By now, most of us are keenly aware that climate change presents an existential threat to some forms of life on the planet, including us. But public outrage in North America has yet to match the level of danger climate change poses, and this may be due to the fact that our “self-extermination” is not imminent today, tomorrow or next month. 

While most projections show some of the worst effects of climate change on the western world won’t kick off in earnest for decades, we’re already seeing impacts in parts of Africa and the Middle East when it comes to food production, access to water and armed conflict.

One of the most serious climate change related problems is an increase in migration as some parts of the world become less habitable. We have been witness to the steady human flow of climate refugees trying to make it across the Mediterranean Sea to Europe. In Africa, we’ve seen these issues contribute to deadly conflict. 

I am co-chair of the International Crisis Group (ICG), an organization committed to preventing and ending deadly conflicts. Recently, our CEO, Robert Malley, addressed the United Nations Security Council on how climate change shapes conflicts. Without global action, he said climate change could become a slow moving version of the current COVID-19 pandemic. It is already shaping and will continue to shape the future of conflict, and we ignore that relationship at our peril.

Currently, among the hottest places on Earth is the Sahara Desert in Africa. Across the Sahel region and even as far south as Kenya, ICG has analyzed how climate-related factors have exacerbated intercommunal conflicts between herders and farmers. In northern Nigeria, there have been large declines in the length of the rainy season and an increase in desert or semi-desert conditions over recent decades. These changes have dried up many natural water sources, diminishing pastures and farmland. In the northern states most directly impacted, these conditions have worsened long-running fights between herders and farmers sharing the same resources. This has also pushed large numbers of herders to migrate south in search of productive land, resulting in more conflicts between them and central Nigeria’s sedentary crop farmers. This violence has stretched Nigeria’s military, and diverted its attention away from the Islamist insurgency group, Boko Haram.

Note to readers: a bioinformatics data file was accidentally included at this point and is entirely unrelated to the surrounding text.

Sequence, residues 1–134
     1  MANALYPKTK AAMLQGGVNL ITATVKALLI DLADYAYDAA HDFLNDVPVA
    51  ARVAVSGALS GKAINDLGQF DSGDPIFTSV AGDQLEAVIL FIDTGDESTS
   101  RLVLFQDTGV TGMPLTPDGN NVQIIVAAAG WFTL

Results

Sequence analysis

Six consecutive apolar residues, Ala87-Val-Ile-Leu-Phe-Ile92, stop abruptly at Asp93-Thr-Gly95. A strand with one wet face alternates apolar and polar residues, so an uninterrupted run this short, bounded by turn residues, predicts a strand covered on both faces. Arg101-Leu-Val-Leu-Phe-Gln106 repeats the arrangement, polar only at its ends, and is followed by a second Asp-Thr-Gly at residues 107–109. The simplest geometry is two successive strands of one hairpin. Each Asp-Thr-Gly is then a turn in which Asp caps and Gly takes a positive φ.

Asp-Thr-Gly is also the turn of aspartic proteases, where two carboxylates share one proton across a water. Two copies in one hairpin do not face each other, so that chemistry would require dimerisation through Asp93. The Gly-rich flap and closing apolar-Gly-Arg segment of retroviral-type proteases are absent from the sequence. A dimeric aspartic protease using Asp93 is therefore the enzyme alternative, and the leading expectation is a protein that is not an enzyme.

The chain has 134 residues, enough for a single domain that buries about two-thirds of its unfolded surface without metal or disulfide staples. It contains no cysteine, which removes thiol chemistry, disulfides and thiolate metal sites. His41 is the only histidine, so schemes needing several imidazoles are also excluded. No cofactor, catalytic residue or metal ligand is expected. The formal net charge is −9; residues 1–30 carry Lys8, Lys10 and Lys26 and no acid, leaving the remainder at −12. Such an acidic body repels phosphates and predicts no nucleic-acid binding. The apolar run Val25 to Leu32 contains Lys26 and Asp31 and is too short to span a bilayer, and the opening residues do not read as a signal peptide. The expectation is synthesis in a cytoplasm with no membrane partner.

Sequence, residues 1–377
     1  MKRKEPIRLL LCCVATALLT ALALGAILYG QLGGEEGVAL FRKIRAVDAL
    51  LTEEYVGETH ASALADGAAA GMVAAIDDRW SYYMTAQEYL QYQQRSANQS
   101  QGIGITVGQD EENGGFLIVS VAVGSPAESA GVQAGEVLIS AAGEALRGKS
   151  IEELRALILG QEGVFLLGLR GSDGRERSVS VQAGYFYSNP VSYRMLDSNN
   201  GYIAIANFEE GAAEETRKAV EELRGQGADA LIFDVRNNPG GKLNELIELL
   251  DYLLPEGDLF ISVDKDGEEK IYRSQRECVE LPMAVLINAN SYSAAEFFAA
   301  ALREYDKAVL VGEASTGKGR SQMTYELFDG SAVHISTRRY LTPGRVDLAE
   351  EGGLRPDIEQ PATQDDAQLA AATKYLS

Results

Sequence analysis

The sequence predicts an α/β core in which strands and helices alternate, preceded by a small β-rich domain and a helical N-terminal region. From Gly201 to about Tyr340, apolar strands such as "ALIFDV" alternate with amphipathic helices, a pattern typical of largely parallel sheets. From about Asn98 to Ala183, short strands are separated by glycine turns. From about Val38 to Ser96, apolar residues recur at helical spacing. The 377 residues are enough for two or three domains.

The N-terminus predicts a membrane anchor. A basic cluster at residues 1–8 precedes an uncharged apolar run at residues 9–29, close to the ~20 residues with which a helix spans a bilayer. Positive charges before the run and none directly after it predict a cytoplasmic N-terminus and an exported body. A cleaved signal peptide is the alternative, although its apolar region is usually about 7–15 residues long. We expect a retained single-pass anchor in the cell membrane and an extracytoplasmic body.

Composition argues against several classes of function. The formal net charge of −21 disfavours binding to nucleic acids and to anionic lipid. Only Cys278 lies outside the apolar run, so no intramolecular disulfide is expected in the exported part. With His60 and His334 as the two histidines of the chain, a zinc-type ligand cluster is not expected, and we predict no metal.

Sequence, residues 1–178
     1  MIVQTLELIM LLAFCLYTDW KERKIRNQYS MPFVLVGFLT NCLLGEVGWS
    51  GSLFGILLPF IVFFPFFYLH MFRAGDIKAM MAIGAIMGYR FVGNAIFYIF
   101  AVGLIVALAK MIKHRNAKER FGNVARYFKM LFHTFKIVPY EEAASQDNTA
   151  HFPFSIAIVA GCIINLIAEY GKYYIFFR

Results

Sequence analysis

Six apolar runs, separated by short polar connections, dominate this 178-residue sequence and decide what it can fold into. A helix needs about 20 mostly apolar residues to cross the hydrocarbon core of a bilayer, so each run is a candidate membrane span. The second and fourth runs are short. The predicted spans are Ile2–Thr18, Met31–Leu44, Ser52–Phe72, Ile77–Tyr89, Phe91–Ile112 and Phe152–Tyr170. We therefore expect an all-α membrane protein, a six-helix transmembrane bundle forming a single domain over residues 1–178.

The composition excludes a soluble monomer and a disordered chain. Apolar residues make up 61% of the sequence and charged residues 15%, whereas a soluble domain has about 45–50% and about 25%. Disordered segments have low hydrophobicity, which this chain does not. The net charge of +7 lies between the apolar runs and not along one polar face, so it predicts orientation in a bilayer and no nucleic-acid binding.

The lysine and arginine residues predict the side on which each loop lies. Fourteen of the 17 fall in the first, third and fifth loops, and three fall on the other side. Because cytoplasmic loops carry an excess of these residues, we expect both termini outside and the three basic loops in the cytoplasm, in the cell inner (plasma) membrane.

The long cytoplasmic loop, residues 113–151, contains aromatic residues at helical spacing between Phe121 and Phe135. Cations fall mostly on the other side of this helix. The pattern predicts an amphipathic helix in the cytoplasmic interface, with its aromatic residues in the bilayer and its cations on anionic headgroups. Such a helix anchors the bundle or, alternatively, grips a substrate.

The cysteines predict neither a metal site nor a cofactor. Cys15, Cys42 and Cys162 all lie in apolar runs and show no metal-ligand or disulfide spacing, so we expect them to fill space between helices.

Climate change and its connection to conflict is a complex subject and one in which it’s hard to draw straight lines of cause and effect. But that’s why the work ICG does through its unique on-the-ground analysis is so vital in helping policy makers shape strategies to combat this issue.

Ultimately, the only solution to all the adverse effects of climate change is to reduce greenhouse gas emissions. But in the short term, we need to address the very real existing damage it is causing to food security, water access and deadly conflict in the hardest hit areas.